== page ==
Mahershala Ali is a heartbreaker in Irish director Benjamin Cleary’s directorial debut for Apple TV+
Dir/scr: Benjamin Cleary. US. 2021. 113 mins.
For his feature debut, Irish writer-director Benjamin Cleary has crafted a tender, modest sci-fi drama about focusing on what is important in life. Mahershala Ali gives a layered performance as a family man with a fatal condition who goes to unexpected lengths to keep his diagnosis a secret from his wife and son, cloning himself in the hopes that his loved ones will never notice the switch. Boosted by a warm performance from Ali’s Moonlight costar Naomie Harris, Swan Song proves to be a rather straightforward tearjerker, but it earns its sentiment thanks to the thoughtful approach from its cast and crew. Premiering at AFI Fest, this Apple TV+ release arrives on the streaming platform December 17 where it will undoubtedly attract fans of low-key, cerebral sci-fi, further boosted by a superb supporting cast that includes Awkwafina and Glenn Close.
One of Swan Song’s strongest attributes is its resistance to predictable plot twists
Set in the near future, Swan Song stars Ali as Cameron, a graphic designer who feels stuck professionally but adores his music-teacher wife Poppy (Harris) and young son Cory (Dax Rey). However, Cameron has kept something from them: he has been diagnosed with an unnamed terminal illness. In secret, he visits Dr Scott (Close), who is pioneering a “regeneration” programme in which a perfect replica of a person can be created — minus the terminal illness — without family or friends realising the exchange.
Cleary, who won an Oscar for his 2015 live-action short Stutterer, sidesteps some of the logistical and ethical questions surrounding his conceit while presenting a clear narrative hook: Cameron will spend a week at Dr Scott’s secluded, woodsy facility with his clone, which they name Jack (also Ali), as they prepare to make the transition. Jack is fully cognisant that he’s a clone with the same feelings and experiences as Cameron, but after about two weeks embedded at home with Cameron’s family, his memory of his time at the facility will evaporate. As far as Jack is concerned, he will then be Cameron — with the original Cameron living out the rest of his days at the facility.
Swan Song is shot by Masanobu Takayanagi, who emphasises the realism of this fantastical scenario, an approach matched by the script’s muted high-tech gadgets. (The self-driving cars are utilitarian, and people’s ability to record their daily activities through their contact lenses is treated nonchalantly.) Cleary is far more interested in Swan Song’s emotional and philosophical underpinnings once Cameron comes to grips with his decision. Not wanting to upset Poppy and Cory by telling them he is dying, he has chosen instead to construct an artful deception to spare their feelings — even though he realises he will never see his family again.
There’s an inherently disturbing undercurrent to a story in which a loving wife is duped into believing a clone is her husband, but Cleary never investigates what is potentially creepy or provocative about his premise. That said, any possible discomfort is mitigated by the strength of Ali’s dual performance, with both Cameron and Jack so concerned about breaking Poppy’s heart — as we’ll learn, she has suffered enough trauma recently — that they elect to undergo this radical alternative.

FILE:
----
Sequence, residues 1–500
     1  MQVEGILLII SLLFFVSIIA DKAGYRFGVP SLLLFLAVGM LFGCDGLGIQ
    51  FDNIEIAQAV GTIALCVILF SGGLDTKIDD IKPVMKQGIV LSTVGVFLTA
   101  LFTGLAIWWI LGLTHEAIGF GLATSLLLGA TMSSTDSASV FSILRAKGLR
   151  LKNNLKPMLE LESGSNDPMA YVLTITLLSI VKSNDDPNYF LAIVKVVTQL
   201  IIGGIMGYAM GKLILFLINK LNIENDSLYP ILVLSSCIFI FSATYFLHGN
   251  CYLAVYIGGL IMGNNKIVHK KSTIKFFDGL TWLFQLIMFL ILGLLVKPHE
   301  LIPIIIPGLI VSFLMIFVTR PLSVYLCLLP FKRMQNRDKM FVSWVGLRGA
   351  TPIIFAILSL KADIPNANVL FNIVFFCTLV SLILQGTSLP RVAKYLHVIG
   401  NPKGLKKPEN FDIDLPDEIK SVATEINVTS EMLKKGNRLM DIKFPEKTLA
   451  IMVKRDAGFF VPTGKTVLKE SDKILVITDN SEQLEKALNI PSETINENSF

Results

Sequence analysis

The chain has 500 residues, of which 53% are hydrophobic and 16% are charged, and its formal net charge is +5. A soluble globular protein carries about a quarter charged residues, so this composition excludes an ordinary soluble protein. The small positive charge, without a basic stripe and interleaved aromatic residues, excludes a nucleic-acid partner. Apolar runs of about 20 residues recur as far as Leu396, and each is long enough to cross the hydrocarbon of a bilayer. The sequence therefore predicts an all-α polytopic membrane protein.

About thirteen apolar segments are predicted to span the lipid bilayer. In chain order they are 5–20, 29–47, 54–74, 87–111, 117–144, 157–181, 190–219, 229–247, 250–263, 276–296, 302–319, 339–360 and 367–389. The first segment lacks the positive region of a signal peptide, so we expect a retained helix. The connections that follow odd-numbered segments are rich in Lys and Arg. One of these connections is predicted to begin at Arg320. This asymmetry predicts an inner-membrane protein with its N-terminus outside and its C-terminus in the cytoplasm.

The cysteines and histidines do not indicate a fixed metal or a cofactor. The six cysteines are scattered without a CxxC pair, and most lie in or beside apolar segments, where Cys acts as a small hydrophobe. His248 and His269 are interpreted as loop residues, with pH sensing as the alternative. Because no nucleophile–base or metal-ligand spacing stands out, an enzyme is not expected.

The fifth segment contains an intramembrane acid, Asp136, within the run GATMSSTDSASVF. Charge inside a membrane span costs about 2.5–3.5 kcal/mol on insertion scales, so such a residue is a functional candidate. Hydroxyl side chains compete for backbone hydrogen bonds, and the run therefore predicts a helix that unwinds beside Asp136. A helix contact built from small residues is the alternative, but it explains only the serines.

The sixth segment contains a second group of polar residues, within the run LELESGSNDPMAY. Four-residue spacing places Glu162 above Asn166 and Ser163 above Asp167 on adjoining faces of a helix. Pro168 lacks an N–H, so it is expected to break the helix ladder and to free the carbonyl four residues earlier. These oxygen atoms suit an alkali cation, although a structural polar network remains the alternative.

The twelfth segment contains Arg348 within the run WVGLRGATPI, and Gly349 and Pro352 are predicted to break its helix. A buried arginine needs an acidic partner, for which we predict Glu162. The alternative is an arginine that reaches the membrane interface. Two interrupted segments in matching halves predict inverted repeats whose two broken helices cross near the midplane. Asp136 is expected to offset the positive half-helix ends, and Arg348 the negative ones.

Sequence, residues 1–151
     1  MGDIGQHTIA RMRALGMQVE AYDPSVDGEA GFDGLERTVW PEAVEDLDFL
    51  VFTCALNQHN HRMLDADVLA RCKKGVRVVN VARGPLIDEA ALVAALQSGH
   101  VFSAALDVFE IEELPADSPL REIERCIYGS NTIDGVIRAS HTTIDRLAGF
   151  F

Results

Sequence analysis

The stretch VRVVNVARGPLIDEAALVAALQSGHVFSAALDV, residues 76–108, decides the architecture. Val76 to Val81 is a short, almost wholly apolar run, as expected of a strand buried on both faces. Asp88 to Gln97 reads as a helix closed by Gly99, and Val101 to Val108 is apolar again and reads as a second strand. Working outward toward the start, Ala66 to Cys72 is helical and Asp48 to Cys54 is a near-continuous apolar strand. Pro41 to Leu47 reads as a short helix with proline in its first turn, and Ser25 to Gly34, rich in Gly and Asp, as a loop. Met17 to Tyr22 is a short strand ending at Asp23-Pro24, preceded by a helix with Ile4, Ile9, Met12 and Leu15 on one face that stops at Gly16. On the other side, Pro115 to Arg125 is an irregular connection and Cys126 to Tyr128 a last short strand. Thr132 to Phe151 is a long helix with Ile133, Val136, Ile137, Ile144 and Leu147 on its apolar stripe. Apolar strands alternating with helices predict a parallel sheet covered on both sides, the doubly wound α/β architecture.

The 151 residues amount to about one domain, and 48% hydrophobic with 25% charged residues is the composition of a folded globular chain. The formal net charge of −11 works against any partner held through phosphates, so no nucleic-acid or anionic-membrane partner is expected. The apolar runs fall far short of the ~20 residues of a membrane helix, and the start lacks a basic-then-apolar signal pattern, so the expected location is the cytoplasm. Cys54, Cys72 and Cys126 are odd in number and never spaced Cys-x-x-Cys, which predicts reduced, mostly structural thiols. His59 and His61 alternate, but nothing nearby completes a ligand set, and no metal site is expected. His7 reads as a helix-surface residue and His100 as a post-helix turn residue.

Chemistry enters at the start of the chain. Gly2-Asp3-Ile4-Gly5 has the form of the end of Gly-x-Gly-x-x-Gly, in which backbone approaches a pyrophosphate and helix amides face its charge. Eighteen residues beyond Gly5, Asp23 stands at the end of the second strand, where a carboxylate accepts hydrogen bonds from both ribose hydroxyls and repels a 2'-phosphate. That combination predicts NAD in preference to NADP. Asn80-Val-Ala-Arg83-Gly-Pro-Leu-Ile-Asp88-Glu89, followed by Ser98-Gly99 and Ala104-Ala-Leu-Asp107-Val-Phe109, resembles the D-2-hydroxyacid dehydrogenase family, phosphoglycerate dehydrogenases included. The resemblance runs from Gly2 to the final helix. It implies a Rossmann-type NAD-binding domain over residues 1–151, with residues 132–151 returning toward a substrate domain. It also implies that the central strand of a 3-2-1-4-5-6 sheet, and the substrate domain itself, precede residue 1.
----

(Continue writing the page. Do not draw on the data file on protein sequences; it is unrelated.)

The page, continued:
Harris and Ali share a wonderful rapport, with their characters depicting a marriage that has weathered some rough spots. (Nyasha Hatendi touchingly plays Poppy’s twin brother, who holds the key to the couple’s past pain.) Indeed, Poppy and Cameron’s enduring love is so believably rendered that we can appreciate why Cameron is willing to lie to her, although Jack’s arrival into his life forces this family man to reflect on the many mistakes he has made. (As it turns out, keeping other things from his wife has led to the problems he is now facing.)
One of Swan Song’s strongest attributes is its resistance to predictable plot twists. Close’s kindly Scott is not, in fact, a mad scientist with an evil agenda, and Jack doesn’t start behaving in strange, sinister ways. There is no big surprise in store: Cleary feels confident that Cameron’s dilemma will be enough to engage audiences. And as we spend more time with him — especially when he’s with Kate (Awkwafina), another of Scott’s terminal patients whose clone replaced her weeks ago — we become more aware of the unfinished business any of us would confront if we suddenly needed someone to take over our lives. Even more poignantly, no one will mourn Cameron — nobody will even know he’s dead. Swan Song is about recognising that the world will go on without us, letting Poppy’s lack of awareness about the tragedy strike a bittersweet chord throughout the film.
Production companies: Know Wonder, Anonymous Content, By Ghost
Worldwide distribution: Apple TV+
Producers: Mahershala Ali, Rebecca Bourke, Jonathan King, Jacob Perlin, Adam Shulman, Mimi Valdes
Production design: Annie Beauchamp
Editing: Nathan Nugent
Cinematography: Masanobu Takayanagi
Music: Jay Wadley
Main cast: Mahershala Ali, Naomie Harris, Adam Beach, Nyasha Hatendi, Awkwafina, Glenn Close